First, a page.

Wine has only recently begun gaining popularity in China – unless you count the ever popular baijiu as “wine” which, for the sake of good taste and all that is decent in this world, I don’t. For centuries, wine was still considered as something reserved for ceremonies or special occasions. I was witness to this the other night when I saw a table of work associates, all in their mid- to late forties, chugging wine by the glassful in one swallow after toasting each other. Granted, I’m certainly no wine connoisseur, but there’s just something inherently wrong with slamming back a glass of Chardonnay.
So why hasn’t wine been as popular in China as in, say, Europe or the United States? It’s much more expensive compared to beer and liquor, which made it strictly a drink for the upper classes – until now. It also doesn’t help that compared to places such as Spain and New Zealand, China has a huge lack of grape varieties. Marketing Chinese wine can also be difficult, considering that the wineries popping up right now aren’t producing wine according to Western standards. There have been reports of wine critics being politically pressured to give Chinese wines a better, less embarrassing critique – all in the attempt to “save face.”
But wine consumption and culture is definitely on the upswing now. A lot of that has to do with the increase of Chilean and Australian wine being shipped to China in bulk. This wine is then combined with local grapes and sold as those brands we all know and love, such as Great Wall and Dynasty.
So why is wine culture catching on now? With the rapid expansion of the middle class, wine is becoming more of an option for the “common folk.” More Chinese people are traveling abroad, which means they are becoming exposed to wine cultures in other countries. They understand how important wine is to Western culture and bring that knowledge back here. As a result, more restaurants and wine bars are catering to those who want to project a certain image of knowledge and refinement.
Yes, that’s right - those same people who are rolling around town in Lamborghinis and dripping in gold are the same people who are (perhaps unwittingly) helping to bring the wine culture to China. While many Chinese citizens only know some of the top brands, wine-centered establishments are trying to introduce alternatives in the more mid-ranged prices for the vast majority of Chinese who cannot afford to be quite as extravagant.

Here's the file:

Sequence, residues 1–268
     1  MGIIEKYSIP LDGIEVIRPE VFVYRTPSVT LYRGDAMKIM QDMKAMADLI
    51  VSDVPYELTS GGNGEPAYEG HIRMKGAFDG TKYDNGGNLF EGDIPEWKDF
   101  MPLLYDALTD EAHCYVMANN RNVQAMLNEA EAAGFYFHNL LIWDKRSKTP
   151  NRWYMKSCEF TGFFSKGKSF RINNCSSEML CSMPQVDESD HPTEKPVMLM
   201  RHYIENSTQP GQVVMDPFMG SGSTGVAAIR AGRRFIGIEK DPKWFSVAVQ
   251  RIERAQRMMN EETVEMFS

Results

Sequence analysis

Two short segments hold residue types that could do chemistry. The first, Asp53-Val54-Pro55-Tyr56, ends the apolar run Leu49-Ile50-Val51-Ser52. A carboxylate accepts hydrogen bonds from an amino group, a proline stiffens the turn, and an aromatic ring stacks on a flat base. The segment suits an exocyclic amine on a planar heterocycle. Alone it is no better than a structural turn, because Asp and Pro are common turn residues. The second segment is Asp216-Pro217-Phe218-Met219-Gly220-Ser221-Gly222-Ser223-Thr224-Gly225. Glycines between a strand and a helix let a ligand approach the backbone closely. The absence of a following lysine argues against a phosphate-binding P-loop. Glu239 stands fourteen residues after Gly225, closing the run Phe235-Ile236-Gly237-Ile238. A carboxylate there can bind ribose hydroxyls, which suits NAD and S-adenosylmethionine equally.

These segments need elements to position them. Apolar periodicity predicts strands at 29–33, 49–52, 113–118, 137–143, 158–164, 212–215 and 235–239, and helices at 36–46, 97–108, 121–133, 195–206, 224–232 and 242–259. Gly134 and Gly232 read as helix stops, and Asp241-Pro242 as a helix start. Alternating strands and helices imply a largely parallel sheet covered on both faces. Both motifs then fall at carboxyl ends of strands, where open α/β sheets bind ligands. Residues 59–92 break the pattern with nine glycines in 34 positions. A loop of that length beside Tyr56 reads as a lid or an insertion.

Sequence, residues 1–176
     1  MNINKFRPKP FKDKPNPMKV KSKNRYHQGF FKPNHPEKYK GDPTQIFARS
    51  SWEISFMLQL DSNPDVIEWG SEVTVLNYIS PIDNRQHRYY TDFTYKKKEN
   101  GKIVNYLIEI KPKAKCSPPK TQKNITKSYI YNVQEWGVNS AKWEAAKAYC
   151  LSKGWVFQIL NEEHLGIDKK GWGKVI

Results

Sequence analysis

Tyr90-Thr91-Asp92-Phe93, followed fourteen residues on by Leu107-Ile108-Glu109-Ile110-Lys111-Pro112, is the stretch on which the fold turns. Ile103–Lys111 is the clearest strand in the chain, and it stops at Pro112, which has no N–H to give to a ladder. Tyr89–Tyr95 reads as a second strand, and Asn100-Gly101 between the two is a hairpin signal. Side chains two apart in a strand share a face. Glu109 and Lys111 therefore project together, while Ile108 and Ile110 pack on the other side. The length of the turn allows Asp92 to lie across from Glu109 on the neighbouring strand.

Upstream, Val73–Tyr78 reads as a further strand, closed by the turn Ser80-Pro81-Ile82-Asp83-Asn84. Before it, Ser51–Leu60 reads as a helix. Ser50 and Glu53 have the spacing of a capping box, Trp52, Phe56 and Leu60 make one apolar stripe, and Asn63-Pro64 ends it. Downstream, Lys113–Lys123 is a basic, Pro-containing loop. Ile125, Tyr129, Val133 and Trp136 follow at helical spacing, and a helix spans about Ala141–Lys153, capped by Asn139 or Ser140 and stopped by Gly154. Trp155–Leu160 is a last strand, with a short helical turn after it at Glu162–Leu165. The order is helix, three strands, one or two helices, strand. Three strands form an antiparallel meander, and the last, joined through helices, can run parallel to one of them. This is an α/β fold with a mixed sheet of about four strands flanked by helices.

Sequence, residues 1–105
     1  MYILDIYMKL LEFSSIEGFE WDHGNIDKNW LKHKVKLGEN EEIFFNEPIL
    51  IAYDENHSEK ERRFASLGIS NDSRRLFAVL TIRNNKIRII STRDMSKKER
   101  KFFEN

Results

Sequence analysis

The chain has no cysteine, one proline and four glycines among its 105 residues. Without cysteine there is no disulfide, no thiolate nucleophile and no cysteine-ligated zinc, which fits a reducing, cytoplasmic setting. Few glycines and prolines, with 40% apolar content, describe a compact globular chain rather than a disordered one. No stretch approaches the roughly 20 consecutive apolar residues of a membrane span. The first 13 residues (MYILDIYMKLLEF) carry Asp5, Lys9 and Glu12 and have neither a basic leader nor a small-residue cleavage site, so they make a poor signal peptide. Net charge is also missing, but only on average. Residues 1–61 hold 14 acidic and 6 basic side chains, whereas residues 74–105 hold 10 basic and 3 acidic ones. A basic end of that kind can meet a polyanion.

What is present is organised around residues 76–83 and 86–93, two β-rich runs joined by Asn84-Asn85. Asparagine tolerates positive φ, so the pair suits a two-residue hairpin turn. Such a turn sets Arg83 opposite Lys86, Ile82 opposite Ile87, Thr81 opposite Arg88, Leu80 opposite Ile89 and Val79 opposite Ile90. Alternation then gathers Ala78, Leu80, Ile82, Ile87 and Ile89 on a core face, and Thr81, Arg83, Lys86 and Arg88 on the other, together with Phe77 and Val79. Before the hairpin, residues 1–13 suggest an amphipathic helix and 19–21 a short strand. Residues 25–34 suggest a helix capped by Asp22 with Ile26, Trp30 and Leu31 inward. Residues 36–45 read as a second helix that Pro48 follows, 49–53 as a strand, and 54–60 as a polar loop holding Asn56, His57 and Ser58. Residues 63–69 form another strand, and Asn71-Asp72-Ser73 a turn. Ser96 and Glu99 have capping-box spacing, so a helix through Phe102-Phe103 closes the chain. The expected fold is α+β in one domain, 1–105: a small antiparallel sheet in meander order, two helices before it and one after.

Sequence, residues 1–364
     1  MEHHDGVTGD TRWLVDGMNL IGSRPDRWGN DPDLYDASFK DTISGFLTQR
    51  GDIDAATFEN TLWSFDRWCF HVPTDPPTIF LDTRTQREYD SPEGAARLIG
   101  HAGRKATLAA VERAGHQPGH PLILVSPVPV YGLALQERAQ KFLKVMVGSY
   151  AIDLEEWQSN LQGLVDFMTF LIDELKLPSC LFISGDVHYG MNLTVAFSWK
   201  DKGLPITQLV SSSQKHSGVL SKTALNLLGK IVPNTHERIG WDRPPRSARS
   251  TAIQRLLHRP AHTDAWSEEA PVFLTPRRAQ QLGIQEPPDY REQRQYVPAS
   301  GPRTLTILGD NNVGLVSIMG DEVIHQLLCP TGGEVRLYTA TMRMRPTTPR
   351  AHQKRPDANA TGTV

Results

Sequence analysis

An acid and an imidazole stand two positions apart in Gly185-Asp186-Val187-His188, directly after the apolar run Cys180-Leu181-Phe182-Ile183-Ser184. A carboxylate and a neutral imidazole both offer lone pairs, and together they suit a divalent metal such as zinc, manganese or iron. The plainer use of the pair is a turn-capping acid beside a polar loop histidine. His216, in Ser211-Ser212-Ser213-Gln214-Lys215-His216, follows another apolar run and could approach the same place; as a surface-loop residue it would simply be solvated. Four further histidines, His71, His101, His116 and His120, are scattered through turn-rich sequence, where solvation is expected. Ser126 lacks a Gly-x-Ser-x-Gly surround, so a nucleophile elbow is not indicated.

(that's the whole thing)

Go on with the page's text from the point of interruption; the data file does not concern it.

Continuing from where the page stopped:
You may have heard that one of the most world renowned wine critics, Jancis Robinson, recently came to China as part of the Shanghai International Literary Festival. She was here to discuss her famous book, The World Atlas of Wine which has finally been translated into Chinese. This means that someone has realized Chinese citizens are becoming more interested in wine culture, to the point that they could benefit from such a practical guide to this often misunderstood drink.
Now Chinese wine is made throughout the country, especially in Xinjiang, Sichuan, Shandong, Jilin, Chang'an, Liaoning, and Hebei. Yantai-Penglai, however, remains the largest wine-producing region, with its 140 wineries supplying a whopping 40% of China's total wine production. While China is currently the sixth largest producer of wine in the world, their ranking is expected to increase in the coming decades. Why? Because in 2004, the total wine produced in China was 370,000 tons, with a 68% increase between 2001 and 2006.
So with all this wine producing going on, which do you think is more popular in China, white or red wine? According to the 2005 stats, red wine is much more popular, with 80% of vineyards producing red and 20% producing white. The numbers become even more lopsided when you consider that 90% of all wine consumed in China is red. Whichever you prefer, you can be sure that China is becoming a force to be reckoned with in the wine world.
Of course, the people who stand to gain the most if China becomes a heavy wine-drinking country (besides the citizens who are actually drinking the wine, of course) would be the wine producers. Imagine if even a third – even a quarter – of Chinese citizens became regular wine drinkers. How many billions of glasses would be drunk? And, more importantly, how many billions of dollars would that translate into? So as long as there is a (large) profit to be made, you can be sure that wine makers will do all they can to encourage wine consumption in China.
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